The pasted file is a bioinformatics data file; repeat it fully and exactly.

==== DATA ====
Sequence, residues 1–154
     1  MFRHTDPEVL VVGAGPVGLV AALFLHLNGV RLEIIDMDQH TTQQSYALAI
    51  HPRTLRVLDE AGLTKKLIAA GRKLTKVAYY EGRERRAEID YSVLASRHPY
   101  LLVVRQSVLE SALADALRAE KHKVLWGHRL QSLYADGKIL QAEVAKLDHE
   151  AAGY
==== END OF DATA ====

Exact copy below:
Sequence, residues 1–154
     1  MFRHTDPEVL VVGAGPVGLV AALFLHLNGV RLEIIDMDQH TTQQSYALAI
    51  HPRTLRVLDE AGLTKKLIAA GRKLTKVAYY EGRERRAEID YSVLASRHPY
   101  LLVVRQSVLE SALADALRAE KHKVLWGHRL QSLYADGKIL QAEVAKLDHE
   151  AAGY